Young Men's Christian Ass'n of Greater Rochester v. Town of Milo, 6:20-CV-07006 EAW

CourtUnited States District Courts. 2nd Circuit. United States District Court of Western District of New York
Writing for the CourtELIZABETH A. WOLFORD, Chief Judge
Citation563 F.Supp.3d 71
Parties YOUNG MEN'S CHRISTIAN ASSOCIATION OF GREATER ROCHESTER, Plaintiff, v. TOWN OF MILO, Town of Milo Zoning Board of Appeals, Town of Milo Zoning Board of Appeals Members Phil Riehl, Terry Jensen, Ben Sward, Jake Reddout, P. Earle Gleason, Donald Will, Jared Webster, and Town of Milo Code Enforcement Officer Anthony Zladzic, in their official capacities, Defendants.
Docket Number6:20-CV-07006 EAW
Decision Date28 September 2021

563 F.Supp.3d 71

TOWN OF MILO, Town of Milo Zoning Board of Appeals, Town of Milo Zoning Board of Appeals Members Phil Riehl, Terry Jensen, Ben Sward, Jake Reddout, P. Earle Gleason, Donald Will, Jared Webster, and Town of Milo Code Enforcement Officer Anthony Zladzic, in their official capacities, Defendants.

6:20-CV-07006 EAW

United States District Court, W.D. New York.

Signed September 28, 2021

563 F.Supp.3d 74

James P. Nonkes, Joseph D. Picciotti, Harris Beach PLLC, Pittsford, NY, for Plaintiff.

Kevin George Cope, Webster Szanyi, LLP, Buffalo, NY, for Defendants.




Plaintiff Young Men's Christian Association of Greater Rochester ("Plaintiff" or "YMCA") brings the instant lawsuit against defendants the Town of Milo (the "Town"), the Town of Milo Zoning Board of Appeals (the "ZBA"), Town of Milo ZBA members Phil Riehl, Terry Jensen, Ben Sward, Jake Reddout, P. Earle Gleason, Donald Will, Jared Webster, and Town of Milo Code Enforcement Officer Anthony Zladzic1 (the "CEO") (collectively, "Defendants"), challenging the ZBA's Resolution and Decision dated April 28, 2020, and alleging violation of its rights pursuant to the Religious Land Use and Institutionalized Persons Act ("RLUIPA"), 42 U.S.C. §§ 2000cc, et seq. (Dkt. 1-1 at 4-21). Presently before the Court is Defendants’ motion to dismiss the complaint pursuant to Federal Rule of Civil Procedure 12(b)(6). (Dkt. 7).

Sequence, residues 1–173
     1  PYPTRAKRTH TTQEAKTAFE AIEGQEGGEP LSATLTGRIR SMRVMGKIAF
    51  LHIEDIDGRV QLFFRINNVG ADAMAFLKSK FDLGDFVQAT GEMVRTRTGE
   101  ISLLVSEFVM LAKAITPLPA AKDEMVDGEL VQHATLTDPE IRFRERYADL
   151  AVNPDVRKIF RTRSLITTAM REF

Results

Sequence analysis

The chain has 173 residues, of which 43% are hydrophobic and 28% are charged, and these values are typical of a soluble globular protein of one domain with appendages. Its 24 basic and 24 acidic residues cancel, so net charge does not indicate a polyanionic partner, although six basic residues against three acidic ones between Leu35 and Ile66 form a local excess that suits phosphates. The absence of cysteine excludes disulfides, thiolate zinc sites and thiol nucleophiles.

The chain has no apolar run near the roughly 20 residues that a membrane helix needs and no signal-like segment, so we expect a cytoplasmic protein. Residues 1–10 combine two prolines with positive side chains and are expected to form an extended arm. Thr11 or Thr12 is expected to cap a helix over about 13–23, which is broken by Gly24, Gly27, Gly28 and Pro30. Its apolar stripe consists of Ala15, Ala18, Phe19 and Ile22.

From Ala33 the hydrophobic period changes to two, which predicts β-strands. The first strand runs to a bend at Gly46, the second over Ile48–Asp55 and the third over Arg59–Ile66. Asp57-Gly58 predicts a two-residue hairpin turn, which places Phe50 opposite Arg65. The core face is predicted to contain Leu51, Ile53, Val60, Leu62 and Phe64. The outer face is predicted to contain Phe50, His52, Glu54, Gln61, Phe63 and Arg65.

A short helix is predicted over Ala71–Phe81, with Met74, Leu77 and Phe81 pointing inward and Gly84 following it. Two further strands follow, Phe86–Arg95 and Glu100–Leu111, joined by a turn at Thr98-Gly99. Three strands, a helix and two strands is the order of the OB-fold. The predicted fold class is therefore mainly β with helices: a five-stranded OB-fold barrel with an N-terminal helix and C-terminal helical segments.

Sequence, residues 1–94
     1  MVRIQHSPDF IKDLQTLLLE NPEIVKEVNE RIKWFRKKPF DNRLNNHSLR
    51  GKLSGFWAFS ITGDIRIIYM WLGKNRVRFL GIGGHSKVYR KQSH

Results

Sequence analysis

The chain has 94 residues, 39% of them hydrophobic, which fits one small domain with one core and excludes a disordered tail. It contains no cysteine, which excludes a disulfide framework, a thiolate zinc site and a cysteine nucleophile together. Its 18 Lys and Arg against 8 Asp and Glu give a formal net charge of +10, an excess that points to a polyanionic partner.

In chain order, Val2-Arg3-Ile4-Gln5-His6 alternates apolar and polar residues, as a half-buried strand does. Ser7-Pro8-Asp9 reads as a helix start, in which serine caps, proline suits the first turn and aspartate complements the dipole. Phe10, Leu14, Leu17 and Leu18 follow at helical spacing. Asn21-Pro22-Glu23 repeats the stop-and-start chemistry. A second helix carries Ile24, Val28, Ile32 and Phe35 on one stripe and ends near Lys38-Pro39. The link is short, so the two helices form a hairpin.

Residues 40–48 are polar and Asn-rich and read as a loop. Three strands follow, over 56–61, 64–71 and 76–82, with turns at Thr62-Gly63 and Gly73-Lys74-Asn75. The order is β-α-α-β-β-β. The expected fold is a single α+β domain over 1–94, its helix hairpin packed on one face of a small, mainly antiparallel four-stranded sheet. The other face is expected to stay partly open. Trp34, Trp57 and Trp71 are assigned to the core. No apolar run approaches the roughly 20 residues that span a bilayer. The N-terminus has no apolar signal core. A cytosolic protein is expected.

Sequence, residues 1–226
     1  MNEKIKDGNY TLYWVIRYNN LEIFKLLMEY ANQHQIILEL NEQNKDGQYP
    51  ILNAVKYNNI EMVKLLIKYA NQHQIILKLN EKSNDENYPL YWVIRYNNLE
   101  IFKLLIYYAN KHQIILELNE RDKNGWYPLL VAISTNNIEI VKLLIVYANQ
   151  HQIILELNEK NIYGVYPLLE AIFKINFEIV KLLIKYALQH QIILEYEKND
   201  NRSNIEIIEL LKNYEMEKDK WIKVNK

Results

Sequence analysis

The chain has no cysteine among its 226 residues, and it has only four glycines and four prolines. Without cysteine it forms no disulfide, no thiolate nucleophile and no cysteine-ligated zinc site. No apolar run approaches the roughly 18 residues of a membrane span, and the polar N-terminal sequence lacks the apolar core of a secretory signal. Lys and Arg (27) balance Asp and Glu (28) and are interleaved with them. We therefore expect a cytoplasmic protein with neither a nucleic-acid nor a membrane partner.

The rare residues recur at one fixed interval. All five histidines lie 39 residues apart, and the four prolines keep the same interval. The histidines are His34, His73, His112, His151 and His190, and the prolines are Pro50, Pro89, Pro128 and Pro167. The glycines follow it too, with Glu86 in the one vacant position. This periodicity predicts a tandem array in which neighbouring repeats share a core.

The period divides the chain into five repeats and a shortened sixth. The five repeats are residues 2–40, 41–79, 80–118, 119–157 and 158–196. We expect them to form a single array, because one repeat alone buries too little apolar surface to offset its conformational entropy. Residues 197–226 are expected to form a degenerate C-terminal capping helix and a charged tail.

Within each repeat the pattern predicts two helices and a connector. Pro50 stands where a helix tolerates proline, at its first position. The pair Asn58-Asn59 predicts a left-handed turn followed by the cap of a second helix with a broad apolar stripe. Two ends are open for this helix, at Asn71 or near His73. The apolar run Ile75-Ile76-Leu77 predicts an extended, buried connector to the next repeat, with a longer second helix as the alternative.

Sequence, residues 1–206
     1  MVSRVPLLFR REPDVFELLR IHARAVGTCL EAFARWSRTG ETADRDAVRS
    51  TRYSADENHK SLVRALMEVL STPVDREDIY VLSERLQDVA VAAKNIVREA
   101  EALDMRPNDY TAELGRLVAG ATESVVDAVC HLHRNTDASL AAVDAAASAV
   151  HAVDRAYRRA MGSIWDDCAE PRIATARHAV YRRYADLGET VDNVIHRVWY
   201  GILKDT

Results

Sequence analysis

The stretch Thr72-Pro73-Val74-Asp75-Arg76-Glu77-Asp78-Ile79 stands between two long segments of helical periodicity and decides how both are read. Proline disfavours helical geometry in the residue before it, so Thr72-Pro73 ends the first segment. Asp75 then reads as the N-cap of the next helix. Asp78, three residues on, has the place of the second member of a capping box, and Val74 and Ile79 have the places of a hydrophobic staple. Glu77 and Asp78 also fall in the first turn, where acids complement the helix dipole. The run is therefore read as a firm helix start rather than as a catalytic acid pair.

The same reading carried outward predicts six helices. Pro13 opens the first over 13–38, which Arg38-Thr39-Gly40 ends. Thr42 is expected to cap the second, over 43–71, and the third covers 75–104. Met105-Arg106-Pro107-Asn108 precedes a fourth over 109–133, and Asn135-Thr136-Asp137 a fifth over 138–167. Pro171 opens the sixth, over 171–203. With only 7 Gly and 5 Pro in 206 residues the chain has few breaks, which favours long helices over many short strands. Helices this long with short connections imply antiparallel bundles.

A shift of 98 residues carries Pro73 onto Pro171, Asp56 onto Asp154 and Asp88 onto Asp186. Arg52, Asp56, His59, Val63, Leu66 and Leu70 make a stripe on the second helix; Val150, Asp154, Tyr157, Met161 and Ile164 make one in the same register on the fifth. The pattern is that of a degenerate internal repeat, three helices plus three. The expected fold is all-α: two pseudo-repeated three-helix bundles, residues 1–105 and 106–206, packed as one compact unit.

For the reasons discussed below, Defendants’ motion is denied. In addition, the Court directs the parties to each file written memoranda within thirty (30) days of the entry of this Decision and Order, explaining why Plaintiff's first and second causes of action should not be dismissed without prejudice and remanded to state court, with Plaintiff's RLUIPA claim stayed pending a resolution of the state claims.


The following facts are taken from Plaintiff's complaint. (Dkt. 1-1 at 4-21 (the "complaint")). As is required at this stage of the proceedings, the Court treats Plaintiff's well-pleaded allegations as true.


The YMCA is a non-for-profit, Christian charitable organization established in the Rochester, New York region over 164 years ago, and its mission is "to place Christia[n] principles into practice through its programs for the community to build a healthy spirit, mind, and body for all." (Complaint at ¶¶ 1, 14). The YMCA has owned and operated Camp Cory (the "camp") since at least 1921, and the camp is comprised of approximately 27.7 acres of land located on East Lake Road in the Town of Milo, New York. (Id. at ¶ 15). The camp borders Keuka Lake and is located in the Lakefront Residential Zoning District. (Id. ).